Posts for: July, 2016
After several treatment sessions your periodontal (gum) disease is under control. But, while we may have won this battle, the war rages on. To keep an infection from re-occurring we'll have to remain on guard.
Gum disease begins and thrives on a thin film of bacteria and food particles on tooth surfaces called plaque. The infection usually begins as gingivitis, which causes the gums to become red and swollen (inflamed). Untreated it can develop into periodontitis, a more advanced form that progresses deeper into the gum tissues resulting in bone loss.
To treat the disease, we must remove all the plaque and calculus (hardened plaque deposits) we can find no matter how deeply they've penetrated below the gum line. Since the deeper it extends the more likely surgical techniques may be necessary to consider, it's better to catch the disease in its earliest stages when plaque can be removed with hand instruments or ultrasonic equipment.
The appropriate treatment technique can effectively stop and even reverse gum disease's effects — but it won't change your susceptibility. Constant vigilance is the best way to significantly reduce your risk of another episode. In this case, our prevention goal is the same as in treatment: remove plaque.
It begins with you learning and applying effective brushing and flossing techniques, and being consistent with these habits every day. As your dentist, we play a role too: we may need to see you as often as every few weeks or quarter to perform meticulous cleaning above and below the gum line. We may also perform procedures on your gums to make it easier to maintain them and your teeth, including correcting root surface irregularities that can accumulate plaque.
Our aim is to reduce the chances of another infection as much as possible. "Fighting the good fight" calls for attention, diligence and effort — but the reward is continuing good health for your teeth and gums.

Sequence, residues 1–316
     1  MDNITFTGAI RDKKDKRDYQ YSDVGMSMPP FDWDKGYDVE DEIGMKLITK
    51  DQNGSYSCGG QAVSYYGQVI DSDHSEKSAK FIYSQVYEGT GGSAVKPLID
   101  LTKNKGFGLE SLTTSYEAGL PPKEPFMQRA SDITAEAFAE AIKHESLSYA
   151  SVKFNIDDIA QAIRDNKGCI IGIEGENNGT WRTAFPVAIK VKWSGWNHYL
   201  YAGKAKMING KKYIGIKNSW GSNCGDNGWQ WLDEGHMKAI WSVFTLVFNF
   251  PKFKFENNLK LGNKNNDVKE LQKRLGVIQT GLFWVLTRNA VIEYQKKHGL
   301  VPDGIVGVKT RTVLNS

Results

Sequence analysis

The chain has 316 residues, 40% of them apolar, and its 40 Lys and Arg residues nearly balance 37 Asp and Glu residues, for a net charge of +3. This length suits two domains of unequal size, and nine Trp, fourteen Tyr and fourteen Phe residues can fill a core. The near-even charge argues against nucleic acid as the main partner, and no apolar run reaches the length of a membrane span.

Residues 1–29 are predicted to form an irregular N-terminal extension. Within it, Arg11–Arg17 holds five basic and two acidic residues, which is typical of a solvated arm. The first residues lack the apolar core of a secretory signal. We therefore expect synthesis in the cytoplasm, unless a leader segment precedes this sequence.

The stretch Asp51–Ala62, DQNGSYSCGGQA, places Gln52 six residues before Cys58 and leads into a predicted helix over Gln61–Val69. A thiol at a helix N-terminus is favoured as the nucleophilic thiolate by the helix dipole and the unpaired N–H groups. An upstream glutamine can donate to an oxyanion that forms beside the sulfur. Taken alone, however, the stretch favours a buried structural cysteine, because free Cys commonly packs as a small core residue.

If you would like more information on continuing dental care after gum disease, please contact us or schedule an appointment for a consultation. You can also learn more about this topic by reading the Dear Doctor magazine article “Periodontal Cleanings.”
Are bleeding gums something you should be concerned about? Dear Doctor magazine recently posed that question to Dr. Travis Stork, an emergency room physician and host of the syndicated TV show The Doctors. He answered with two questions of his own: “If you started bleeding from your eyeball, would you seek medical attention?” Needless to say, most everyone would. “So,” he asked, “why is it that when we bleed all the time when we floss that we think it’s no big deal?” As it turns out, that’s an excellent question — and one that’s often misunderstood.
First of all, let’s clarify what we mean by “bleeding all the time.” As many as 90 percent of people occasionally experience bleeding gums when they clean their teeth — particularly if they don’t do it often, or are just starting a flossing routine. But if your gums bleed regularly when you brush or floss, it almost certainly means there’s a problem. Many think bleeding gums is a sign they are brushing too hard; this is possible, but unlikely. It’s much more probable that irritated and bleeding gums are a sign of periodontal (gum) disease.
How common is this malady? According to the U.S. Centers for Disease Control, nearly half of allÂ Americans over age 30 have mild, moderate or severe gum disease — and that number increases to 70.1 percent for those over 65! Periodontal disease can occur when a bacteria-rich biofilm in the mouth (also called plaque) is allowed to build up on tooth and gum surfaces. Plaque causes the gums to become inflamed, as the immune system responds to the bacteria. Eventually, this can cause gum tissue to pull away from the teeth, forming bacteria-filled “pockets” under the gum surface. If left untreated, it can lead to more serious infection, and even tooth loss.